“My sense is that the rebels are winning this war,” said Jeffrey White, who studies Syria for the Washington Institute for Near East Policy. “They are winning by inches, and the regime is doing its best to use its assets in innovative ways, but it is basically losing that fight.”
Arms improvisation has been key to the rebel movement since it started months after the first protests of the anti-Assad uprising in March 2011.
After deadly government crackdowns, civilians and army defectors took up arms to protect their towns and attack government troops.
The rebels have long asked sympathetic nations to arm them, complaining that they cannot get strong enough weapons to face Mr. Assad’s powerful arsenal of tanks, artillery, mortars and warplanes.
Though there have been reports of Persian Gulf nations funneling some arms, many rebel brigades say they have not received any such shipments.
For most of the conflict, they have relied on smugglers and weapons captured from the Syrian military.
A motley cache of weapons
While he waited for his team to come back with the night-vision goggles last week, Commander Osama showed The Associated Press a sampling of the improvised armory his brigade of several hundred men has collected. Assault rifles hung from the walls, and bullets, mortars and rocket-propelled grenades sat in boxes nearby.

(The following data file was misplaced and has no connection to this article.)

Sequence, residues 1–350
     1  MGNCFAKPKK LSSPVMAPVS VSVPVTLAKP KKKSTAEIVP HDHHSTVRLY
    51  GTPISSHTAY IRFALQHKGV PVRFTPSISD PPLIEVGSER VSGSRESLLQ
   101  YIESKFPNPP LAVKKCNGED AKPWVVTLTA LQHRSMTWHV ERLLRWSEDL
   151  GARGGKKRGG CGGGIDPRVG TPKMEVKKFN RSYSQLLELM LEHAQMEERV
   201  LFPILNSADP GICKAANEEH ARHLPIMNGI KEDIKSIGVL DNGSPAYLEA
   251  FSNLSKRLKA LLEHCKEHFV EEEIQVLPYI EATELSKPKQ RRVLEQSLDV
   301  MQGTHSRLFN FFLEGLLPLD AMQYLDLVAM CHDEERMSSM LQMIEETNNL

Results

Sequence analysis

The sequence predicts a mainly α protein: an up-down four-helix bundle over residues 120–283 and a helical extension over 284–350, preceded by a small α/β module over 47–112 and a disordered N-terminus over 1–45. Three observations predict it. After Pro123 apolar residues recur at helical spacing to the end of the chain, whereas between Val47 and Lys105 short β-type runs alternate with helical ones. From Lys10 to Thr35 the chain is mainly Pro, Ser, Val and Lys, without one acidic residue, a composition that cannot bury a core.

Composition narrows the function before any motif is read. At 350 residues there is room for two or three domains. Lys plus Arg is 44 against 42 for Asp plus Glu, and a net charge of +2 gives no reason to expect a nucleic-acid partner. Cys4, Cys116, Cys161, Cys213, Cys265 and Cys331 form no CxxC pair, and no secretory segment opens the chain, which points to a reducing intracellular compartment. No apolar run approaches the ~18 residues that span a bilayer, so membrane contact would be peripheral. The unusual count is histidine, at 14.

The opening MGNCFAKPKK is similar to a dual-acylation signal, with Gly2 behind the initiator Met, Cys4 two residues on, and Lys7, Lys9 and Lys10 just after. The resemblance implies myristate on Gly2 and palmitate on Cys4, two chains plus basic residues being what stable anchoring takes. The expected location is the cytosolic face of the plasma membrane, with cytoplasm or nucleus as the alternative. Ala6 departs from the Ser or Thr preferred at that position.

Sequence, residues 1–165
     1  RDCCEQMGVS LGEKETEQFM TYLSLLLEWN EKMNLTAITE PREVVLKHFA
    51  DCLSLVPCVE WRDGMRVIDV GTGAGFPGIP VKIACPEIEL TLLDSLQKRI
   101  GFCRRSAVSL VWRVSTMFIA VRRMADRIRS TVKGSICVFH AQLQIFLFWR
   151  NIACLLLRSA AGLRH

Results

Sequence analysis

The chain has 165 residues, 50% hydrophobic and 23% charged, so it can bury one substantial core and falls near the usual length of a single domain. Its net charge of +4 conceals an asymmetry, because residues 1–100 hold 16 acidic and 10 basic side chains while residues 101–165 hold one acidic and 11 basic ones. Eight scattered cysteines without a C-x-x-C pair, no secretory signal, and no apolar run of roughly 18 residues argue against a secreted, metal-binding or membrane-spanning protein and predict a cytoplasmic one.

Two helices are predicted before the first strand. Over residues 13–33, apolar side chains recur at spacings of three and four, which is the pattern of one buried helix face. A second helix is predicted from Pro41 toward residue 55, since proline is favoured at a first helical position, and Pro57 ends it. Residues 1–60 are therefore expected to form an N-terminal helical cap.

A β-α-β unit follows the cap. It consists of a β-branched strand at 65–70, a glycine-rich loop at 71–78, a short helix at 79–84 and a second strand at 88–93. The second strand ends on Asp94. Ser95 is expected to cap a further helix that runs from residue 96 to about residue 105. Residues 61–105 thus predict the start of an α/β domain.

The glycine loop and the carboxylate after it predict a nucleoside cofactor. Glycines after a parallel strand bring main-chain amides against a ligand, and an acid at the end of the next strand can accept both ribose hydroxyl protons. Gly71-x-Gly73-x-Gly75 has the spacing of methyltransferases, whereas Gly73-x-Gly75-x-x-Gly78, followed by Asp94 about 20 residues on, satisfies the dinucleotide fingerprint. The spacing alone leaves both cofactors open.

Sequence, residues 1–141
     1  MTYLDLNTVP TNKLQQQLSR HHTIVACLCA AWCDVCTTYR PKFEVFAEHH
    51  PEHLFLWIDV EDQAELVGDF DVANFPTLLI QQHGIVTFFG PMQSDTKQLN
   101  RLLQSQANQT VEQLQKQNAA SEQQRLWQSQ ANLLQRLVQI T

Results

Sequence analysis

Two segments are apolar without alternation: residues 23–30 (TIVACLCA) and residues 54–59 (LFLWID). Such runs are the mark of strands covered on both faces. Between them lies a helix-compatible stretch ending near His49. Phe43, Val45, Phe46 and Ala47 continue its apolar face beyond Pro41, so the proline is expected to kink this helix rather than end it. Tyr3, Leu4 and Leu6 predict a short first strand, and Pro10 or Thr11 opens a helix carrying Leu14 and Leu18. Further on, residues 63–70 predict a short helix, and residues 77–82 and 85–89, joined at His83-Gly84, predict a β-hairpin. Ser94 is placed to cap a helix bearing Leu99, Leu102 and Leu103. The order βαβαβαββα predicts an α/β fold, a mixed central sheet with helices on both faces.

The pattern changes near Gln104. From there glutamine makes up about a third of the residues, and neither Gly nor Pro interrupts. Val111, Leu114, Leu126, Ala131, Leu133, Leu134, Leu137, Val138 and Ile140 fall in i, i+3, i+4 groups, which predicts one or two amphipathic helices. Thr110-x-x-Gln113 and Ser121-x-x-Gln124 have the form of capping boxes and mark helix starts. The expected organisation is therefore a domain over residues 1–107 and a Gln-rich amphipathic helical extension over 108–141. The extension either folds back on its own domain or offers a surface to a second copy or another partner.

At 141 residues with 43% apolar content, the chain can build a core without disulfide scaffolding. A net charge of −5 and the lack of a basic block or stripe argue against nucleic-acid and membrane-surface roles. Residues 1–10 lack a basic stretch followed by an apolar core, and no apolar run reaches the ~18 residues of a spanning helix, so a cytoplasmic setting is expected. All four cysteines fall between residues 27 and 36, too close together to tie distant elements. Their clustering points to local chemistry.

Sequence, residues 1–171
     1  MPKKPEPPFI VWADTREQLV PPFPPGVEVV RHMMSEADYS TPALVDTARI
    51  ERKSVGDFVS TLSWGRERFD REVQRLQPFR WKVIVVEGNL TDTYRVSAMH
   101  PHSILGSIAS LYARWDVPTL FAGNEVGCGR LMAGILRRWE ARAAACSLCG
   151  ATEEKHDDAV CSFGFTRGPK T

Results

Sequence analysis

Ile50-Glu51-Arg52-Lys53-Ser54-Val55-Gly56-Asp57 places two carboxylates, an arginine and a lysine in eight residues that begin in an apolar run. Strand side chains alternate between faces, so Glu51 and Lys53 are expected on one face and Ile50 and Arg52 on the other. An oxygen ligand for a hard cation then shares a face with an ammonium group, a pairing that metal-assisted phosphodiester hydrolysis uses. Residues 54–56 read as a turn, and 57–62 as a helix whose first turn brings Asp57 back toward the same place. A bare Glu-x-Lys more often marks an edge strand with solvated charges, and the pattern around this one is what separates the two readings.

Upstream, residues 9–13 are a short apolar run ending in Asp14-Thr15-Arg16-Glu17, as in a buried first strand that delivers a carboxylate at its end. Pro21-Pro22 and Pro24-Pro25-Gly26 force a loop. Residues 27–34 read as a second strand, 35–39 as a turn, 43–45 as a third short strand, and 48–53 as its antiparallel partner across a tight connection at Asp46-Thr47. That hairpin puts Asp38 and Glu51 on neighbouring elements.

Osama spoke on condition that he be identified only by his first name for fear of retaliation against his family.
One rifle had a telescopic sight crudely welded to its body to turn it into a sniper’s rifle. His men bought the scopes separately for $150 each and assembled them to rifles.
“It’s not really good, but we have to do what we can,” he said.
He also showed a rocket-propelled grenade launcher that his men captured in a recent raid on an army garrison. It was a much larger caliber than the rocket-propelled grenades his men have and can disable the regime’s most advanced tanks — but only if the shooter gets within 400 yards.
“That takes unbelievable courage,” he said, because regime tanks on the move are closely guarded by snipers.
In what would be a significant advance, an official with the Free Syrian Army — the rebel’s loose umbrella group — who is involved in procuring weapons said the rebels have now obtained dozens of shoulder-fired anti-aircraft missiles.